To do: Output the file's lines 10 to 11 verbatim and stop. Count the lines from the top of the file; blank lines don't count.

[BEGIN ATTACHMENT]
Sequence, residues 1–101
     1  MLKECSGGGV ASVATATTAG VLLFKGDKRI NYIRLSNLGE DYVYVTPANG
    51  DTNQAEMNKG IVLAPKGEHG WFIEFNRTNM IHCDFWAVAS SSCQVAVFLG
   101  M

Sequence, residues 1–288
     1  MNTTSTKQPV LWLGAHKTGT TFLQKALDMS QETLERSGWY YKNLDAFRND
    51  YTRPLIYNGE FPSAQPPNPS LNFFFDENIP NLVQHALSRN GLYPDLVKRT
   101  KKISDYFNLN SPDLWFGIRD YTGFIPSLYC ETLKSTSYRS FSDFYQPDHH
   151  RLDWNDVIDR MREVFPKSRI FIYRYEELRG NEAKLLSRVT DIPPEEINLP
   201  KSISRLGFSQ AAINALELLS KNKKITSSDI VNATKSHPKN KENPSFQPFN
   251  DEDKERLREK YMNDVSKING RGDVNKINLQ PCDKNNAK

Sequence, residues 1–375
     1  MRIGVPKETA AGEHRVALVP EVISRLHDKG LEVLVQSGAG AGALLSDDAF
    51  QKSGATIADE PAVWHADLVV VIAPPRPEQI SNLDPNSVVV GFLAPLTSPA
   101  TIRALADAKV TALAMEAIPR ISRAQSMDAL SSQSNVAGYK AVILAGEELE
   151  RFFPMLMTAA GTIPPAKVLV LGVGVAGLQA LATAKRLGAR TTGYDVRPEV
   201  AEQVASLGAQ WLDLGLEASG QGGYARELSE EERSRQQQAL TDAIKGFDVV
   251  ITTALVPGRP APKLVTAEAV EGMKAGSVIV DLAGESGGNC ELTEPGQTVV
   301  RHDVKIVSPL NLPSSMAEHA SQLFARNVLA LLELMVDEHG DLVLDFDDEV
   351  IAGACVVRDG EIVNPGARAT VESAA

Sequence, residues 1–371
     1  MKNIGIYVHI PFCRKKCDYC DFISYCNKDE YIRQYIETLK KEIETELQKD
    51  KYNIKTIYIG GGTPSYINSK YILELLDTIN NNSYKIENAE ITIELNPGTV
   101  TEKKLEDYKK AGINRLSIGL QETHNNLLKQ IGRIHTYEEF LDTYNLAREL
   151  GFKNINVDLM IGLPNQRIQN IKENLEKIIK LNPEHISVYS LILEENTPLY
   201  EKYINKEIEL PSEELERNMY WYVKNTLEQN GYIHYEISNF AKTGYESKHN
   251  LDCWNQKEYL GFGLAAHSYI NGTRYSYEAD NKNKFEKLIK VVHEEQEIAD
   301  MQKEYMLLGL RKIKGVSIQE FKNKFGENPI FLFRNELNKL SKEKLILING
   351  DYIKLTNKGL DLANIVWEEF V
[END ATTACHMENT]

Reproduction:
   201  KSISRLGFSQ AAINALELLS KNKKITSSDI VNATKSHPKN KENPSFQPFN
   251  DEDKERLREK YMNDVSKING RGDVNKINLQ PCDKNNAK